In ObserVIEW, you can automatically find the orders with the highest amplitude. They are selected based on the highest peak acceleration level within the user-defined analysis range.

ObserVIEW Sine Tracking Analysis and Generation (STAG) screenshot

Spectrogram Analysis in ObserVIEW

In ObserVIEW, there is a time spectrogram and tachometer spectrogram graph option.

For the time spectrogram, the following settings can be adjusted:

  • Frame count: number of FFTs that make up the spectrogram
  • Min and max frequency: limits the frequency range of the spectrogram plot

The FFT spacing and FFT width are properties of the amount of time analyzed with respect to the FFT sample count and number of FFTs. The user cannot define these properties directly.

  • FFT spacing: distance in time between FFT anchor points (left, center, right); an approximation based on the spectrogram range and frame count
  • FFT width: width of time data each FFT represents

In addition to these settings, the tach spectrogram includes:

tachometer-based spectrogram

  • Min and max tach values: limit the tachometer range of the spectrogram. For example, these values may be changed to focus on a subset of the total RPM range or to purposely exclude errant data.
  • Tach sweep direction: triggers spectrogram readings and can be configured to match the direction of the tach trace sweep. If the tach sweep direction doesn’t match the direction of the tach sweep, the tool will report little to no readings.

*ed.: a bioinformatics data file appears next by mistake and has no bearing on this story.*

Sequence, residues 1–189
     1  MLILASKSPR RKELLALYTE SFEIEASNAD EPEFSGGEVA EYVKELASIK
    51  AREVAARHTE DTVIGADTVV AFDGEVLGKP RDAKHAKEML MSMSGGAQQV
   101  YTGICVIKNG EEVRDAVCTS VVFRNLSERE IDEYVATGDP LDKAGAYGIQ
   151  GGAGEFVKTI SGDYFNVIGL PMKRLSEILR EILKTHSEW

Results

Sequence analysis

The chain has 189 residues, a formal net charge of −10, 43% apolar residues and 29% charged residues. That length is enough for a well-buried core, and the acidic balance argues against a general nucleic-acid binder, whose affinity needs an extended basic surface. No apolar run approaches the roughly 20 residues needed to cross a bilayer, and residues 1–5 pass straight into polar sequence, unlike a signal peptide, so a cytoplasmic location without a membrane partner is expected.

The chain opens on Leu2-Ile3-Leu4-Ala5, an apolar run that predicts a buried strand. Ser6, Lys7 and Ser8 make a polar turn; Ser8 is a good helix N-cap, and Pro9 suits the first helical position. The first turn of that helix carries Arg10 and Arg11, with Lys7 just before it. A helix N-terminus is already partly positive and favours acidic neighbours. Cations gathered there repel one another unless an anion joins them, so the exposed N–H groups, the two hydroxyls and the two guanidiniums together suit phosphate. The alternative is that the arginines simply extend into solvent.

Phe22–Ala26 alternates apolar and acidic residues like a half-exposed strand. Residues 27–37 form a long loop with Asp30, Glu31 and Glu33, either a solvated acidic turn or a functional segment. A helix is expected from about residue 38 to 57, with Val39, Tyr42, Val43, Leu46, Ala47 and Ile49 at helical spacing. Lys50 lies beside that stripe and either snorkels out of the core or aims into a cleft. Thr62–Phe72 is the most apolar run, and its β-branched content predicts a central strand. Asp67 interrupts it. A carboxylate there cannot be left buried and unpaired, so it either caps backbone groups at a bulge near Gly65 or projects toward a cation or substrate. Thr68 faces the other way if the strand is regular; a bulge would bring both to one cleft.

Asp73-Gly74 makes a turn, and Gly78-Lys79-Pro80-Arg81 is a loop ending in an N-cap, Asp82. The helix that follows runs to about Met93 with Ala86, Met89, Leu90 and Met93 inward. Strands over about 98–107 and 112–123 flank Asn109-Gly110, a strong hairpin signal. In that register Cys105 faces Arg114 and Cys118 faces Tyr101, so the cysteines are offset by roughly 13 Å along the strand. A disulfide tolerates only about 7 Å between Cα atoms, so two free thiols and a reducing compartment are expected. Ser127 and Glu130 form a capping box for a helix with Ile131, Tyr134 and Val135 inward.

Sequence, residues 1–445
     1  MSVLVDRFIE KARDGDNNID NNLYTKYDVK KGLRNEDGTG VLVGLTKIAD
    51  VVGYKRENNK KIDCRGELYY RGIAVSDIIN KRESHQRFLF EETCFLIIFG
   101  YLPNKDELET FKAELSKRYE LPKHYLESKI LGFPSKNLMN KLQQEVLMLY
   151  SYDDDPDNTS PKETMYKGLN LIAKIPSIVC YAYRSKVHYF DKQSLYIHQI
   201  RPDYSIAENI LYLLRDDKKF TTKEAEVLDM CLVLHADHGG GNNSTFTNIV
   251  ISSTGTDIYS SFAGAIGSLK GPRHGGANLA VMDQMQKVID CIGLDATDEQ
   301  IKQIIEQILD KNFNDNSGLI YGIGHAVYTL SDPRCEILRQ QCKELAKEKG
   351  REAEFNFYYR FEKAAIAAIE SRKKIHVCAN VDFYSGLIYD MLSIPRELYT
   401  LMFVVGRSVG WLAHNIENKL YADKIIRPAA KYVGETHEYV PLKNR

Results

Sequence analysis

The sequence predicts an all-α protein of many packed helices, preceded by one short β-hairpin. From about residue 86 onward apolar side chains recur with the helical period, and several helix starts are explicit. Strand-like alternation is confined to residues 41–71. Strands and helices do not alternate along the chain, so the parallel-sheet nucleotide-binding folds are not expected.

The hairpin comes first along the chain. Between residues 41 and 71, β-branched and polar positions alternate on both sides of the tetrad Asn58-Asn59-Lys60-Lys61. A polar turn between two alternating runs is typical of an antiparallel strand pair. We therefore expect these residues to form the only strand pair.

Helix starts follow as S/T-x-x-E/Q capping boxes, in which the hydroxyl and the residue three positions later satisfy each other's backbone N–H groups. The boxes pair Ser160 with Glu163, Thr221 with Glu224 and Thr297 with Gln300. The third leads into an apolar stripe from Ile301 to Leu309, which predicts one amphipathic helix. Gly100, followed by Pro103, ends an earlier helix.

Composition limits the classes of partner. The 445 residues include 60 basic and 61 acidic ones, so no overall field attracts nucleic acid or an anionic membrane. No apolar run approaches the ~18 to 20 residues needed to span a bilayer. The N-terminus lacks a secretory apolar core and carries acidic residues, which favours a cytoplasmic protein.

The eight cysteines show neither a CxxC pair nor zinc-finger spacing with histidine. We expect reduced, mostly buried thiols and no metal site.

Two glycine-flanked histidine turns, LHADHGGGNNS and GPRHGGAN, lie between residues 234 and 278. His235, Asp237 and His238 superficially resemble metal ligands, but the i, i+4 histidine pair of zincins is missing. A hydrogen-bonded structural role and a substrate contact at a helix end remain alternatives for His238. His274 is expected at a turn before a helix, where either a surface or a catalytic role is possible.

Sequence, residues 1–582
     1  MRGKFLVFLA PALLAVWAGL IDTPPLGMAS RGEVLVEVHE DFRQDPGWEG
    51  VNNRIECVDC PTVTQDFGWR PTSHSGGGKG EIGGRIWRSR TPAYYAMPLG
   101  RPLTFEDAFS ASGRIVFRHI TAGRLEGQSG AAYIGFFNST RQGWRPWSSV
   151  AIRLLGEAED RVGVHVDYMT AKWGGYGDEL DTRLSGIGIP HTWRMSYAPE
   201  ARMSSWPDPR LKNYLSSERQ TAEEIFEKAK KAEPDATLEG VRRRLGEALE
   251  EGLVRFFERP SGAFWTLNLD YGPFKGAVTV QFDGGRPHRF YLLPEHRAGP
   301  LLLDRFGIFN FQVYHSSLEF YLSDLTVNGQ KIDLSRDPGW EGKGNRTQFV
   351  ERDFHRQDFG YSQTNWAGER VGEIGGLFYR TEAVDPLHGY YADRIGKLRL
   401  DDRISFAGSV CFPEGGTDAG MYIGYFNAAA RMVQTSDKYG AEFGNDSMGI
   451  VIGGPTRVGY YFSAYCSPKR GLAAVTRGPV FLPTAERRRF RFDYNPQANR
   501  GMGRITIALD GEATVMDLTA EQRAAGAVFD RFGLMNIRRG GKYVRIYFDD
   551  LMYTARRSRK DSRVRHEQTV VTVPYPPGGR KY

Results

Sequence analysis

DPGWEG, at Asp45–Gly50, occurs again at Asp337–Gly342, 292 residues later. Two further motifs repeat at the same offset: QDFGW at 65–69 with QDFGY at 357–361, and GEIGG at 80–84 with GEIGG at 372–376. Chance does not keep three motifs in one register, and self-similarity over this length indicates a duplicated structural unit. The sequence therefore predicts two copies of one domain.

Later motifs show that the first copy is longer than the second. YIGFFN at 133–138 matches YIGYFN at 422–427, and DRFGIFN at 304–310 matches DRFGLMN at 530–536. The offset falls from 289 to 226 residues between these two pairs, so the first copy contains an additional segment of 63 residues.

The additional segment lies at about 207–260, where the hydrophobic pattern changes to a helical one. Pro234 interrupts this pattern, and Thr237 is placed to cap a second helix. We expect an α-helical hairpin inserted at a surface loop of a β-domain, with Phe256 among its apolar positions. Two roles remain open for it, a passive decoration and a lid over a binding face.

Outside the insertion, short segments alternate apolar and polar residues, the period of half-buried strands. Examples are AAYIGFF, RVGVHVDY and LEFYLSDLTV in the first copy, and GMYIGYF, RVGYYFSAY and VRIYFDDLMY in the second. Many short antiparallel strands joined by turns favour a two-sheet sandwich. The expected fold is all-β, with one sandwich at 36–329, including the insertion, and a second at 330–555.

There are several graph options that are useful for analysis. These options can be found under Spectrogram Graph Options.

  • The mouse cursor displays the X, Y, and Z values of the data under the cursor
  • The horizontal cross-section displays a graph under the spectrogram with the data for a horizontal slice across the spectrogram. The slice can be moved by dragging the horizontal crossbar up and down on the spectrogram.
  • The vertical cross-section displays a graph to the right of the spectrogram with the data for a vertical slice down the spectrogram. Again, the slice can be moved by dragging the vertical crossbar left and right across the spectrogram. The vertical cross-section can be rotated.

Both the horizontal and vertical cross-sections can be used to examine a slice of all data at a specific time or frequency.

In addition to these options, the tach spectrogram includes the option to enable an order cross-section graph.


The spectrogram is another tool for device maintenance and detection of error. To learn more, visit our ObserVIEW analysis software page or download a free demo of the software.

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May 14, 2020


Jade Vande Kamp




[1] Griffaton, Julien, José Picheral, and Arthur Tenenhaus. 2014. “Enhanced visual analysis of aircraft engines based on spectrograms.” Paper presented at ISMA2014, Leuven, Belgium, September 2014, 2809-2822.

[2] “What Is A Spectrogram?” Pacific Northwest Seismic Network.

[3] Yan, Ruqiang and Robert X. Gao. “Multi-scale enveloping spectrogram for vibration analysis in bearing defect diagnosis.” Tribology International 42, no. 2 (February 2009): 293-302.